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Why Bette Davis loathed theatre

Plus: two award-winning plays on the World Service that crackle with energy

18 April 2015

9:00 AM

18 April 2015

9:00 AM

It was called Frankly Speaking and by golly it was. The great screen actress Bette Davis was being interviewed by not one but two men: George Coulouris, with whom she co-starred in Hollywood, and a BBC producer. ‘It’s a little sad for some of us who adore your work that a lot of your best performances have been in fairly trivial films,’ said the producer, Peter Duval-Smith, as if to tempt Davis into dishing the dirt on the directors who made her what she became. ‘I don’t know what you’re talking about,’ Davis replied, not a woman to be tricked into anything.

‘Who do you think made you a star?’ Duval-Smith persisted.

‘Me myself,’ said Davis. ‘And my sweat, blood and tears…’

‘Nobody helped you?’

‘Beyond that, there were the fabulous public relations people. They presented us to the public.’


Davis had a point. The Hollywood studios invented PR in the 1930s, taking over their stars and remodelling them for public consumption. But it was daring of her to ignore the directors, producers, money men behind all those films. Nothing was going to get in the way of her achievement, or her passion for motion pictures. ‘I loathe theatre,’ she said. ‘I loathe the life.’ Adding, as if we hadn’t already understood her point, ‘I loathe sitting around all day and wanting to work all night.’

There’s something about this interview (first broadcast on the old Home Service in 1963 and aired again on Radio 4 Extra on Tuesday) that’s so raw, so bristling with energy and life. It was startling, and absolutely gripping. Davis, who died in 1989, refused to be drawn on her private life (those four marriages) or that infamously venomous relationship with Joan Crawford, her co-star in Whatever Happened to Baby Jane? But you don’t feel cheated by her unwillingness to confide. On the contrary, she withholds and at the same times bares all. On no account could she ever have been swaddled by her agent, so confident was she of her star quality.

The effect is arresting. It’s hard to convey on the page the menace contained in her cackling ‘don’t-mess-with-me!’ laugh, or the way she intimidated both men. You can hear her thumping her hands on the table and Duval-Smith and Coulouris whimpering their agreement.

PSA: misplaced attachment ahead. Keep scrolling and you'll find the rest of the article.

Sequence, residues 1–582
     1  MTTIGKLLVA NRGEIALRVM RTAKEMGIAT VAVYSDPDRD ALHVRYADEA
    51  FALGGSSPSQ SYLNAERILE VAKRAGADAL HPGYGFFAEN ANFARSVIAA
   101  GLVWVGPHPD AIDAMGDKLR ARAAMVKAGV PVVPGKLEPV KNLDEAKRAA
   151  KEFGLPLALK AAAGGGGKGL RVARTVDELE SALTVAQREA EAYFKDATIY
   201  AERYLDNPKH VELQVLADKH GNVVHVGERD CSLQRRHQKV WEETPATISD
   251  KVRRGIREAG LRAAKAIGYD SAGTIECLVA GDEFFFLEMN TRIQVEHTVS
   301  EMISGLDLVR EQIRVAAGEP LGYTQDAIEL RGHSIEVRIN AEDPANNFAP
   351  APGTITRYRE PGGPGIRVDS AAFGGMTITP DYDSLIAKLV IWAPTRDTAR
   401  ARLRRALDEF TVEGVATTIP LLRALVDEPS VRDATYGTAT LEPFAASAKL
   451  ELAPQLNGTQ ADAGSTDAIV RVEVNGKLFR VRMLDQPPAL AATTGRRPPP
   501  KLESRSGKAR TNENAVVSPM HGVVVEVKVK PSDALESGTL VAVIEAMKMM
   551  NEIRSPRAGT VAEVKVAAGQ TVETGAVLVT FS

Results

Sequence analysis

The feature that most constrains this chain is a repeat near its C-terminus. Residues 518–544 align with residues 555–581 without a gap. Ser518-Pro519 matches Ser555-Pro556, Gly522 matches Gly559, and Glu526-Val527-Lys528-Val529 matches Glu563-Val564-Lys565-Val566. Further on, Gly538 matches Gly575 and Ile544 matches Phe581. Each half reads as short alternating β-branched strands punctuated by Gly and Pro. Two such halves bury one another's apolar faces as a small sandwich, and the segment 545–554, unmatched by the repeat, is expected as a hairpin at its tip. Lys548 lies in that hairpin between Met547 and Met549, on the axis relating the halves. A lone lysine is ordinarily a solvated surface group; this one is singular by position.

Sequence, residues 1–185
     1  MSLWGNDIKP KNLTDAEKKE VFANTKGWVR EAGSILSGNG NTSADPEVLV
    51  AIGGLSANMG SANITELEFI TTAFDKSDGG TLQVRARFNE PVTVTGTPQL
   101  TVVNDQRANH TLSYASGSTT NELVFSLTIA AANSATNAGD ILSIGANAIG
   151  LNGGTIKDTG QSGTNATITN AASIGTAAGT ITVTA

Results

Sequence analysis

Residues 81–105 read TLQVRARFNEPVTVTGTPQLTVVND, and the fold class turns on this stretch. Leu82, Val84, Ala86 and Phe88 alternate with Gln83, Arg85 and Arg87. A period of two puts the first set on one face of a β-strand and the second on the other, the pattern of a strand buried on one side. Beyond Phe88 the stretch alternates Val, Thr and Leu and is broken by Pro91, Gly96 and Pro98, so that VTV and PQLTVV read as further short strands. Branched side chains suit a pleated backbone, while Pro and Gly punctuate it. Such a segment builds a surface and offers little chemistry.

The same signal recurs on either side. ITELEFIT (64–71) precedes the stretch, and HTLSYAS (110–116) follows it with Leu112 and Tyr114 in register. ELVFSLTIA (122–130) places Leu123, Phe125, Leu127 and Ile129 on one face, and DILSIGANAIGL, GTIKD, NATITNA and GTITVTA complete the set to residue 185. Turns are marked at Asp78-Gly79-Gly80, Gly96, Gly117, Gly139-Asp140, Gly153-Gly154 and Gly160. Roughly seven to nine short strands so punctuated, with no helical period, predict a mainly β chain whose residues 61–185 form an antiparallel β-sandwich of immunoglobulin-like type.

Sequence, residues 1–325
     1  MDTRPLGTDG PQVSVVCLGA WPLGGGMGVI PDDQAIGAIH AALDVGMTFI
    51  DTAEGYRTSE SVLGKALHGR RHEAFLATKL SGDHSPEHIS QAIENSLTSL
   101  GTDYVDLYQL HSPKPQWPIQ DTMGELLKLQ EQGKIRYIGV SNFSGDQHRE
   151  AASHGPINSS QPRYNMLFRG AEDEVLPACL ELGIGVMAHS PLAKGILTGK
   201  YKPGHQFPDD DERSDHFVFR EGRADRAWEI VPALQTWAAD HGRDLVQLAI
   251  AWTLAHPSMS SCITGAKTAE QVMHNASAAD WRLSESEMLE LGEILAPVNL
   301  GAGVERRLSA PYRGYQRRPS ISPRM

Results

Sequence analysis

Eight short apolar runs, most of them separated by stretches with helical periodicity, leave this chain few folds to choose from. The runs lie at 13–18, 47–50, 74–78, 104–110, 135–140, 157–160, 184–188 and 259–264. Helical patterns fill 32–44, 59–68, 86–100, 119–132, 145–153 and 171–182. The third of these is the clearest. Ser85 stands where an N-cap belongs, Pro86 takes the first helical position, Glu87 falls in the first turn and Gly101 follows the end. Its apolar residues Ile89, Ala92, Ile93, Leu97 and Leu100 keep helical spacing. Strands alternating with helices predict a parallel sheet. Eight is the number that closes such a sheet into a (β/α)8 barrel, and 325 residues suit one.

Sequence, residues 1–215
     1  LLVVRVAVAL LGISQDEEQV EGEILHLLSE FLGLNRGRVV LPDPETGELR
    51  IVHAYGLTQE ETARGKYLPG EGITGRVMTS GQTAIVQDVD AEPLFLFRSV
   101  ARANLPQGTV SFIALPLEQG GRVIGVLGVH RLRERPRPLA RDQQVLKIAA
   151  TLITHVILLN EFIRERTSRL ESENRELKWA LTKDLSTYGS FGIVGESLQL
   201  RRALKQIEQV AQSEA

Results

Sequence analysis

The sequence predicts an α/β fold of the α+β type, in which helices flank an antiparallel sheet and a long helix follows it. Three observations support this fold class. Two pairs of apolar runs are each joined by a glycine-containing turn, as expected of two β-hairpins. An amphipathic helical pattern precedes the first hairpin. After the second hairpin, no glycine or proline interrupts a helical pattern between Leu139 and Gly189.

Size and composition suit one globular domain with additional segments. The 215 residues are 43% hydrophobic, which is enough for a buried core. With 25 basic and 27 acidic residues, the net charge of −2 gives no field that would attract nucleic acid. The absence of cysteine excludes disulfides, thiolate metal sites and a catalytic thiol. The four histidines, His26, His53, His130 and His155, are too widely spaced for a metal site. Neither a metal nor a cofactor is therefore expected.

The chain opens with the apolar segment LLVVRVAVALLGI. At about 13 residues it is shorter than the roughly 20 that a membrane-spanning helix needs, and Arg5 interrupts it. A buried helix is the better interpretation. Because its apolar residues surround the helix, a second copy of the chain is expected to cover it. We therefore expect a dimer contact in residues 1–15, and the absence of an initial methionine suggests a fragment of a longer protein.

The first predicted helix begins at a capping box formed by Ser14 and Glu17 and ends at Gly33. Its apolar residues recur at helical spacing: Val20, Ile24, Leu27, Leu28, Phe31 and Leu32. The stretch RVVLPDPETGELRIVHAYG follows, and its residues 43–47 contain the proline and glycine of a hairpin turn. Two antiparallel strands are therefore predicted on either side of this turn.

‘If you hadn’t been in it, I don’t think we’d remember Dark Victory,’ Duval-Smith daringly suggested.

‘I beg your pardon… I beg your pardon.’

Two large intakes of breath as Duval-Smith and Coulouris struggle to find something else to talk about. You could almost feel the tension.

It was like a blast of fresh air, and especially so during these days and weeks of election fever when the airwaves are stuffed full of platitudes and motormouths speaking in tongues. Over on the World Service the two winning plays in last year’s international playwriting competition (run by the BBC and the British Council in association with the Open University) are now ready for broadcast, crackling through the ether because of their passion, energy and refreshing take on what makes a drama. On Saturday we heard The Cactus Flowers by the Zimbabwean writer Virginia Jekanyika, writing in English as her second language (and directed by Marion Nancarrow).

‘I wrote this play,’ Jekanyika tells us at the start, ‘because I wanted to talk about the hardships faced by women in Africa.’ She was also working through her grief at the recent death of her mother. But she doesn’t write about mothers and daughters; instead she pays tribute to her mother’s life by writing about the everyday struggles of Ndaka and Magi who work as cleaners in a wildlife resort in Zimbabwe. As they wash clothes, sweep rooms, worry about their husbands and the threat of HIV, we hear about their dreams of another, easier, more fulfilling life. They are the cactus flowers, blooming ‘among the thorns of life’.

The drama takes a while to get going, and at first the characters are not clearly defined enough for the listener to work out who is speaking. But then Ndaka and Magi, and their boss, Karen, fearful that she might have to give up the resort and go back to England, gradually emerge as real people through the plainly written but very believable dialogue, so that we begin to care what happens to them. ‘Do I have the right to ask these questions?’ asks Ndaka. ‘I’m just a woman.’

The Ravens, too, by Alana Valentine (broadcast in a fortnight on the World Service and directed by Rosalynd Ward) also focuses on women’s rights, or rather their lack of them, even in supposedly enlightened Australia. Valentine bluntly exposes the red-light district of Sydney as Kira tries to get clean and leave the sex industry and the brutal tyranny of her abusive boyfriend. This isn’t, though, just a play about Kira and others like her, but about anyone who feels trapped in a life they don’t want to lead. How do you find the strength to get out, to stand up to someone who you feel you can’t stand up to?


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